Last week, we introduced our mini series by mentioning the “two worlds” we inhabit when we pick up the Bible. Every time you pick up your Bible to read it, you are entering into two different worlds. On the one hand, you are reading the Bible with your own contemporary world in view, with all of your present questions, concerns, and context. On the other hand, you are entering into the world of the Bible, an ancient text written in a very different time and place. One of the most challenging things about reading the Bible (and one of the reasons why we often don’t!) is that it is often very difficult to bridge the gap between these two worlds. How is the Bible applicable to our world today? How can an ancient text written over 2000 years ago have anything relevant to say to our situation today?
At the heart of this issue is the problem of culture. There is on such thing as a de-cultured person or a de-cultured Word. Even God himself, when he moved to save humanity, “became flesh” (John 1:14), entered into a specific time, place, language and culture. So when we read the Bible, we are wrestle with two layers of culture. On the one hand, there is the culture of us the readers, which informs how we read, interpret and apply the text. On the other hand, there is the culture of the biblical text itself, which was written in a specific point in history in a particular time and place. So the challenge that faces us when we read the Bible is first to recognize the ways that we are biased and formed by our own cultural formation to (mis)read the biblical text. Second, we need to do the hard work of understanding the context, history and culture of the original author and audience of the biblical text.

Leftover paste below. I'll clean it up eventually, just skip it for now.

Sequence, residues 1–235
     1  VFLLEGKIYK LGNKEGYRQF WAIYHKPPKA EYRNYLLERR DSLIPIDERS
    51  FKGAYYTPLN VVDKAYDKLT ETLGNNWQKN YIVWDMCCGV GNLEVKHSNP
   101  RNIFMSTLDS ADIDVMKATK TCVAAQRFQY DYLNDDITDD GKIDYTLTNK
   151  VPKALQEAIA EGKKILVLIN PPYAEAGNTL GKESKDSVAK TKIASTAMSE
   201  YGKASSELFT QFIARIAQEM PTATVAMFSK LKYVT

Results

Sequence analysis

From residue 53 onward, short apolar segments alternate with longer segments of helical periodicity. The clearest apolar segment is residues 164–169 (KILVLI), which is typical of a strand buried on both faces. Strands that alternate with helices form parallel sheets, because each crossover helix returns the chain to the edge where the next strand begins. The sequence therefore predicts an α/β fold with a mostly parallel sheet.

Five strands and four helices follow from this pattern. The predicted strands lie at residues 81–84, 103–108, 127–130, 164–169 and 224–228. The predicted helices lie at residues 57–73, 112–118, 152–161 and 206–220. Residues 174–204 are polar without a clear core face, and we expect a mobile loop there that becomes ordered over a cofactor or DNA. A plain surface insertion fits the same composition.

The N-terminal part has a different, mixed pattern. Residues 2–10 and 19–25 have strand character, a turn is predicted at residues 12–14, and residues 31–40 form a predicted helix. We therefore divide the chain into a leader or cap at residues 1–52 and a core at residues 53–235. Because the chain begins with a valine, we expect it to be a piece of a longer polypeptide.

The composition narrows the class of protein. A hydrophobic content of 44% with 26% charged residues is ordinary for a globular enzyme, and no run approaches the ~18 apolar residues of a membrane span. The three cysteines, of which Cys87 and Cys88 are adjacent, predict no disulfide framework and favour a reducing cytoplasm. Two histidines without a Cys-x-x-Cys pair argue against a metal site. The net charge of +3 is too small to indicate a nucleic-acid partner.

Why should we strive to do this? The purpose of this is not to engage in some stale academic exercise. The purpose is that we would become “hearers and doers of the Word of God,” hearing what the text actually says (rather than the echo chamber of our own cultural assumptions), and obeying the Word of God in a way that is relevant to our context today.
As you prepare for worship, think about a time when you have struggled with a particular passage of Scripture that seemed really difficult or hard to understand. How did you handle the difficulty? What questions did it provoke? How did you come to a conclusion about what the passage teaches? Finally, spend some time praying that the Lord would continue to give us open ears to hear his Word more clearly as a living word for us today.
Our weekly worship guide can be found here once finalized.
22 Do not merely listen to the word, and so deceive yourselves. Do what it says.23 Anyone who listens to the word but does not do what it says is like someone who looks at his face in a mirror 24 and, after looking at himself, goes away and immediately forgets what he looks like. 25 But whoever looks intently into the perfect law that gives freedom, and continues in it—not forgetting what they have heard, but doing it—they will be blessed in what they do.